Raise a pint for departing brewers


Note: This column originally appeared in the Nov. 6 edition of the Santa Barbara News-Press. For more information, you can check out my farewell Q and A pieces with A.J. Stoll and Kevin Pratt on this site. I recently met with Fig Mountain’s new director of brewing operations, Mike Hastings, and will have more info on him at this space soon.

Santa Barbara’s beer culture stretches back to the late 1990s when brewers like Island Brewing Co.’s Paul Wright, Santa Barbara Brewing Co.’s Eric Rose (now owner of Hollister Brewing Co.) and The Brewhouse’s Pete Johnson were either already brewing great beer or getting close to opening their breweries. Nevermind the budding emergence of Firestone Walker Brewing Co. in Paso Robles.

But in 2010, the local beer scene was bolstered by the arrival of two men — Figueroa Mountain Brewing Co.’s A.J. Stoll and Santa Barbara Brewing’s Kevin Pratt.

In Stoll, Fig Mountain had found a young brewer with the chemical and brewing know-how to help the new brewery expand while creating award-winning beers in the process. In Pratt, Brewco brought in an experienced brewer.

Stoll brought acclaim to Fig Mountain, and Pratt restored Brewco’s reputation as more than just a tourist trap.

And now, Santa Barbara is saying farewell to both.

Both brewmasters recently announced that they are departing their breweries this month for new ventures and new opportunities.

Stoll is off to Ireland, his ancestral homeland, where he and his partners are planning on opening Killarney Brewing Co. in a market he thinks is ready to explode in the same way the U.S. market has over the past decade or two.

“I always encouraged my staff to elevate themselves and take on new responsibilities and positions, and so that’s basically the same thing I’m doing,” Stoll told the News-Press. “My goal is to be an international brewery consultant … So in the short term, I’m going to this start-up in Ireland, and in the long term, what I’m going to be is I’ll be all over the shelf.”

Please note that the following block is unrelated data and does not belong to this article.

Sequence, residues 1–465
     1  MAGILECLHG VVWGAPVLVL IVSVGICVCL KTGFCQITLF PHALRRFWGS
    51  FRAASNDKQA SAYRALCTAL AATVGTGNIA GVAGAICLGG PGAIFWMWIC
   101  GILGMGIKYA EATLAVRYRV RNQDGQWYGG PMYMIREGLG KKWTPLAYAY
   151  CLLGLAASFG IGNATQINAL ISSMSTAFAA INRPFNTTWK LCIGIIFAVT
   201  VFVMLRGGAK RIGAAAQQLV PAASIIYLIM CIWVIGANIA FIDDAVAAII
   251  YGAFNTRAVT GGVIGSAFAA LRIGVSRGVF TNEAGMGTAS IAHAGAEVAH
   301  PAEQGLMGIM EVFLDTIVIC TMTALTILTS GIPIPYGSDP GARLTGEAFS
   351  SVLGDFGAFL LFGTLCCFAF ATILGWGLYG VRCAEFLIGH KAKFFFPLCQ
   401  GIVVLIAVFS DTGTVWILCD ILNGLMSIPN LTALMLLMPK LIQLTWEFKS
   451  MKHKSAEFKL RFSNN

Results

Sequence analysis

Stoll will serve as a consultant for Fig, which is elevating head brewer Mike Hastings to director of brewing operations. Stoll will also help the Buellton-based brewery expand into Germany — a longtime dream of CEO Jaime Dietenhofer.

Pratt isn’t going so far — just up the road to Creekside Brewing Co. in San Luis Obispo. Pratt and his partners, under the umbrella of the newly formed Heirloom Brewing Co., are taking over the brewery as the first step toward establishing Heirloom as a production brewery.

Creekside won’t change much immediately but it will eventually serve as a tasting room and experimental facility for the larger production plant.

“We didn’t buy it to turn it into something else,” said Pratt. “We bought it because it was already a functioning brewery and already in the right construct we’re looking for — and a great location.”

The changes forced me to take stock of what we truly have here in Santa Barbara, and I went to visit an old favorite in The Brewhouse. Johnson continues to make high-quality, interesting beers out of his seven-barrel brewhouse. Recently, I sat down with him to taste some of the new beers on tap.

A favorite is the Milkman’s Handshake — a rich milk stout with loads of chocolate and roasted coffee notes to complement the sweetness from the lactose that gives the style its name.

Always a great place for strong beer, The Brewhouse also offers a Russian imperial stout playfully dubbed Crimea River. I also enjoyed the return of Football Saison, a staple for local drinkers every fall. The saison was dry and loaded with beautiful peppery aromas on the back end that you might expect from a saison, but at more than 7 percent alcohol by volume, it packs more of a punch than the typical farmhouse-style ale.

The Brewhouse is also about to release its 11th Harvest Ale. The annual beer utilizes fresh hops grown behind The Brewhouse and is a revelation of hop flavor and aroma.

It’s true that Pratt and Stoll brought great things to the Santa Barbara beer scene, and it will certainly be sad to see them and their talents go. But despair not, for the local community remains alive and well in those who have been around and are staying around.

Sean Lewis is a beer drinker, beer maker and the author of “We Make Beer: Inside the Spirit and Artistry of America’s Craft Brewers” (St. Martin’s Press). His column appears the first Thursday of the month. Follow him on Twitter @Sean_M_Lewis.

 

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